First there was no coverage of the Occupy Wall Street protests. Now there’s tons of coverage and it’s endlessly frustrating. The media keep asking, “What do they want? What are their demands? What will make them go home? Why zombies?”
Ok. I admit, quite a few of us are asking that last question.
But it’s really frustrating that it’s so hard for the mainstream media to wrap their heads around an action that is organic, loosely organized and not sound bite ready. Sure, there’s the rare reporter who gets it and some articulate protestors, but the media is mostly churning out crummy coverage that misses the point and dismisses the effort.
It’s as if most reporters can’t figure out something that anyone who has ever been in line at the bank can tell you: people are fed up with the lack of opportunity and the imbalance of power that has been brewing for years. It’s come to a head in a double-dip recession and a post-Citizens-United election environment — and so people have taken to the streets.
The issue is: there are issues
The problems manifest themselves in different ways for different people. Many can’t find a job that pays the bills. Some people have lost their homes. Others are doing okay right now, but are frustrated by the fact that if calamity befalls them, they know that Congress won’t bail them out.
The problems are as numerous as the protesters. But the through line is this: Where is our safety net? Where is our bailout? And when did our country stop supporting and — as it often seems — caring about people who are not ultra-wealthy or ultra-connected? There is no single demand or set of demands that can address that question. It requires a culture shift and a reorientation of our priorities as a nation.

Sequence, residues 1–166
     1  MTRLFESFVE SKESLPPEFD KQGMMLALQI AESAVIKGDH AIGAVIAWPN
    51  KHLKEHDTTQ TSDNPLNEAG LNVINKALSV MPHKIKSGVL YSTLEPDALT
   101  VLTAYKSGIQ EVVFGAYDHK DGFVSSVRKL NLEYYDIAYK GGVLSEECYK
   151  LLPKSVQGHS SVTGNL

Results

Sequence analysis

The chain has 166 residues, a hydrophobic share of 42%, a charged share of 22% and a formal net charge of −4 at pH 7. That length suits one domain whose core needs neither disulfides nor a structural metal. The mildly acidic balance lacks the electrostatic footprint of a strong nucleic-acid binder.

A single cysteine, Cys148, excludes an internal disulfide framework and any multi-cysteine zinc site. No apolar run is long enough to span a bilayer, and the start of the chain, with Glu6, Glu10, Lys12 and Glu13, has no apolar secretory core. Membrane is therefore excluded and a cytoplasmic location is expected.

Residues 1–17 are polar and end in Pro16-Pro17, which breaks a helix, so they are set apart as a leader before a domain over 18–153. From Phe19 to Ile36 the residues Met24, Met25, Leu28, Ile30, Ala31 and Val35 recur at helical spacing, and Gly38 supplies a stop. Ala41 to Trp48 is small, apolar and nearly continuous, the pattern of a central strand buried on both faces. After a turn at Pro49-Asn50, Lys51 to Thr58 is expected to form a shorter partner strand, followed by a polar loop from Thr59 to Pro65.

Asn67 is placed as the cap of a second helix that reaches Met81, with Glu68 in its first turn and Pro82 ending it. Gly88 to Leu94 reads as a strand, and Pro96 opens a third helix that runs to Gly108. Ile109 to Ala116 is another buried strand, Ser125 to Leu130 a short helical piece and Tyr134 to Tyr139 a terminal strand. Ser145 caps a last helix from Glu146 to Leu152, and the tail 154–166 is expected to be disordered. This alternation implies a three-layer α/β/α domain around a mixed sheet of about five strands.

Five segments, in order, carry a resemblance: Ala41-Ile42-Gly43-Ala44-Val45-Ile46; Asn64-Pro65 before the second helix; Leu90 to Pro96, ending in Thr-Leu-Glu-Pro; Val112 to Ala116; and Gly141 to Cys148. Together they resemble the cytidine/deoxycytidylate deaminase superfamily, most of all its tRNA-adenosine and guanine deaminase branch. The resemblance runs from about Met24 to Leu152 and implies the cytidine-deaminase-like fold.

Are communications professionals part of the problem?
And it’s my fault that the media can’t figure that out. Well, me and people like me.
Communications professionals have been helping nonprofits and grassroots organizers design winning media campaigns — with bullet point messages, concise calls to action, and prepared spokespeople. The media eat these campaigns up. We win some and we lose some, but when we do get coverage, the media usually has the story straight.
But by preparing so well and always giving the media what they want, the way they want it, have we rendered them unable to understand a grassroots movement without a central messenger? Media look for the single fact sheet that will answer all their questions about the Occupy Wall Street protests, and in this case there simply isn’t one.
What’s the solution?
When I see coverage like this, I usually want to jump in, develop the talking points, frame the story, and pitch it so the media can deliver it. But this time is different. I feel solidarity with the premise that there are far too many issues, too many problems in this country, and too many opportunities for solving them than should be boiled down to make Occupy Wall Street media-ready.
I am not sure if this means I am losing my edge or just finding the exception that proves the rule. Yet, I find myself feeling like I am part of the messy media coverage of this historic moment and wondering how I (and you other communications folks out there) can be part of the solution.
(Image courtesy Flickr user _PaulS_, Creative Commons)
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Amanda Cooper is a LightBox collaborator who recognizes she is one of the lucky ones in the 99% because she gets to do the work she loves and earn a living from it. For now.